W&L Law Professor’s Supreme Court Brief Influential in Immigration Decision
Washington and Lee law professor David Baluarte was among a group of immigration scholars who co-authored an U.S. Supreme Court amicus brief in support of the defendant in Sessions v. Morales-Santana. The case was argued last fall and decided on June 12, 2017.
The Justices decided the case 8-0 in favor of the defendant, and in their opinion directly reference the brief, Brief of Amici Curiae Scholars on Statelessness in Support of Respondent, accepting the arguments presented by the group and acknowledging its influence in the outcome of the decision.
The case was an appeal by the federal government that sought to defend the constitutionality of less favorable treatment, for purposes of acquiring U.S. citizenship, of a child born abroad to an unwed U.S. citizen father than the treatment given to a child born abroad to an unwed U.S. citizen mother.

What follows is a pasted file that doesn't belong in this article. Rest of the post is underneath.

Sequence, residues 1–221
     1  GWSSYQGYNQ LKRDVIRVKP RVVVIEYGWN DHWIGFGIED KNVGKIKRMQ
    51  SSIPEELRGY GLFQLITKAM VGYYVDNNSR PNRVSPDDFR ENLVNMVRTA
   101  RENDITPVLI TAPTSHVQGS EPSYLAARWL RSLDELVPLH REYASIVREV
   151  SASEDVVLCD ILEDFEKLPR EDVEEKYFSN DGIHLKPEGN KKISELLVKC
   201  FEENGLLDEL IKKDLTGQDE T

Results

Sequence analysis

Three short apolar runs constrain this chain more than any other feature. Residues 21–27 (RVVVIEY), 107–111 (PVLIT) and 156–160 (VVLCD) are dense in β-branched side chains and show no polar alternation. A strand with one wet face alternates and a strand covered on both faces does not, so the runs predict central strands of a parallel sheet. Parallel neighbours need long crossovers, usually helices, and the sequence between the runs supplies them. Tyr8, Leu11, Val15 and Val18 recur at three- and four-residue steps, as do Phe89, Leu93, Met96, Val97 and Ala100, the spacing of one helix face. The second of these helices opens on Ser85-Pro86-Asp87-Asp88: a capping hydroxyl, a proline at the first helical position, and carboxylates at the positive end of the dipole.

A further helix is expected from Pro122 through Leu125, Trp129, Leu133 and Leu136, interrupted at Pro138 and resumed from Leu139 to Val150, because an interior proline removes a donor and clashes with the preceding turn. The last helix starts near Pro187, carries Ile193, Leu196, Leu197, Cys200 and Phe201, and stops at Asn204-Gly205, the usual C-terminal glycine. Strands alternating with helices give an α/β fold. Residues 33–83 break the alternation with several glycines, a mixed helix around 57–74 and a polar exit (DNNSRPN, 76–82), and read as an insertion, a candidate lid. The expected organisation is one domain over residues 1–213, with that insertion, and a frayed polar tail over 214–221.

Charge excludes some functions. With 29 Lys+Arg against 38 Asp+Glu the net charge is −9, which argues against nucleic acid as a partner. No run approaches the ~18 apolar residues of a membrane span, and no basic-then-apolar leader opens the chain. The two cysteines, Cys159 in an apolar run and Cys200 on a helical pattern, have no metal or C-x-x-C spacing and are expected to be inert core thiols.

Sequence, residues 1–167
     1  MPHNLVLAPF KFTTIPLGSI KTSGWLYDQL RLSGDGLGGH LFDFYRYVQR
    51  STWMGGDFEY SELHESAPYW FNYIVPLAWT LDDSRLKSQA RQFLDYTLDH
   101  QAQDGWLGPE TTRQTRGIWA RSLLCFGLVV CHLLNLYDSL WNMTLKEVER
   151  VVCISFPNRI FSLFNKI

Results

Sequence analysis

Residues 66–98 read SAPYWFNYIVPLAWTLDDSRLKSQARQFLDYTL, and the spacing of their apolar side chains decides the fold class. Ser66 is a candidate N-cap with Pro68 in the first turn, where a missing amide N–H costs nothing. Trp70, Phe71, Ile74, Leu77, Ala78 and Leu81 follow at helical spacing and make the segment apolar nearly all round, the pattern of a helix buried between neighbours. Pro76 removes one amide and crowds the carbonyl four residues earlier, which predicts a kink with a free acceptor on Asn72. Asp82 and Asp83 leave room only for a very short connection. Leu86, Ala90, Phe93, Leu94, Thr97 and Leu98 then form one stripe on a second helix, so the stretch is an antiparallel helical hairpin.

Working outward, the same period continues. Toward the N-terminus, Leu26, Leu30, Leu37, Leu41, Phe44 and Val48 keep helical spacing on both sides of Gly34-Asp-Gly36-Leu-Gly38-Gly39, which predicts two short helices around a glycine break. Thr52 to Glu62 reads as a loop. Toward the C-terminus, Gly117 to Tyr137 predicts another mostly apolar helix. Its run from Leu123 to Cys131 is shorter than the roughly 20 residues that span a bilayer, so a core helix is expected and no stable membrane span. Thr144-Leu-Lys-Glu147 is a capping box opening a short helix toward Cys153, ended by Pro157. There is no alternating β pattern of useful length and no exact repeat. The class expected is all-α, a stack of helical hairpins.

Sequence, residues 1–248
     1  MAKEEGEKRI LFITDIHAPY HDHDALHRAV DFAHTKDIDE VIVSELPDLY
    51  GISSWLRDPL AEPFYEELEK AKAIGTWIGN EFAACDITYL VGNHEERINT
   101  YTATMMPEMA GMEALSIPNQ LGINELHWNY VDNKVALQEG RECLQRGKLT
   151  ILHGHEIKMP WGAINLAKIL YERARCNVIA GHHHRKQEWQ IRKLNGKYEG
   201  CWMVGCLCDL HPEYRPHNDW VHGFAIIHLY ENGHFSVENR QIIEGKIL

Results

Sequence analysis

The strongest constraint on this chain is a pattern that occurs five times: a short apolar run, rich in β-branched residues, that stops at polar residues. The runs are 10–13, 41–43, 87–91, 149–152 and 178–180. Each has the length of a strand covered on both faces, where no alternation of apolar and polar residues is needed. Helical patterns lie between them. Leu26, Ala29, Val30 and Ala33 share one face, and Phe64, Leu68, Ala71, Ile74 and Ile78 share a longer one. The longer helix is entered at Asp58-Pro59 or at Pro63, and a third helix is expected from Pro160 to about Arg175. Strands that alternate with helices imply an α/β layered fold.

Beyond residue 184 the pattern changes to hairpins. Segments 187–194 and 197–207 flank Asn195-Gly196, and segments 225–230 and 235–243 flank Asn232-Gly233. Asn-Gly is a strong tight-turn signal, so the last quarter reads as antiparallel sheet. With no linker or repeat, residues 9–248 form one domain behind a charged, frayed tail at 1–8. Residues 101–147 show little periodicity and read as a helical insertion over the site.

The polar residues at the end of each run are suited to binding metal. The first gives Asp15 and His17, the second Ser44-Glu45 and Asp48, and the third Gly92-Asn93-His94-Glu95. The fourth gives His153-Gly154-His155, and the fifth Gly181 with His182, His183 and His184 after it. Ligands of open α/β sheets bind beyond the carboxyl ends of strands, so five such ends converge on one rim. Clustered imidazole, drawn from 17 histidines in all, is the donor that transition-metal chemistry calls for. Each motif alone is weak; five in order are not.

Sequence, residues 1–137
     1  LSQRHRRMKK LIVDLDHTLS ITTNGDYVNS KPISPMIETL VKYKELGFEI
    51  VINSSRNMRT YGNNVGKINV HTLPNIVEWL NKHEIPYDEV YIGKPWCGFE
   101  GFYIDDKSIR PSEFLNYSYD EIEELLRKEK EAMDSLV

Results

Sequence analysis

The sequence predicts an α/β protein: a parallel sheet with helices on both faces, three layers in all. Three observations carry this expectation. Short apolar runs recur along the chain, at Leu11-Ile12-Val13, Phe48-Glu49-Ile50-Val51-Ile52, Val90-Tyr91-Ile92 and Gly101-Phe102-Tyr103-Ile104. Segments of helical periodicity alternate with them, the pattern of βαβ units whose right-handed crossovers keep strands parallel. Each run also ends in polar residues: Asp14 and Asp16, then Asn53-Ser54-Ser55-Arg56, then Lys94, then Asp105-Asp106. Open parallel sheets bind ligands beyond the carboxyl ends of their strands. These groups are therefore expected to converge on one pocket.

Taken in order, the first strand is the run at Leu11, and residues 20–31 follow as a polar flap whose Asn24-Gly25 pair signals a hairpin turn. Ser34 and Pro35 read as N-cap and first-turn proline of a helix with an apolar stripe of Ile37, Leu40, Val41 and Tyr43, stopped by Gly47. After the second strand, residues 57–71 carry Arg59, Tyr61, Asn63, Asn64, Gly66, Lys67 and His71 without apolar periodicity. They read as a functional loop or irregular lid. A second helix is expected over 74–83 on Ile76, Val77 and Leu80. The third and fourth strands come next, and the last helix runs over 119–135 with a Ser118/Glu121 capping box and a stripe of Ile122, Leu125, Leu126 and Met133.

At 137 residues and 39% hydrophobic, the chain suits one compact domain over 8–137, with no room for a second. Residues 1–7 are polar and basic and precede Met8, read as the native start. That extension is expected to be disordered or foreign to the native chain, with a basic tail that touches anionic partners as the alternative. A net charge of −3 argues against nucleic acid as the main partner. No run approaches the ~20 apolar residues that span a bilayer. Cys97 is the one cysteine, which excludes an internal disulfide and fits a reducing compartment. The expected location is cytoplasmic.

In arguing for the defendant, the authors of the brief claimed that there is no support for the government’s assertion that the risk of statelessness for a foreign born, non-marital child was or is substantially greater when the U.S.-citizen parent is the mother rather than the father.
The Court agreed and found this provision of the U.S. Immigration and Nationality Act to be unconstitutional for being incompatible with the Fifth Amendment’s requirement that the government accord to all persons “the equal protection of the laws”.
Baluarte, who directs the Immigrant Rights Clinic at W&L Law, last year was awarded a Fulbright U.S. Senior Scholars Grant to study the stateless population in Argentina. Baluarte taught in the immigration clinic of the University of Buenos Aires Law School, conducted research on the specific effects of a recent restrictive immigration reform on refugees and stateless persons in Argentina.
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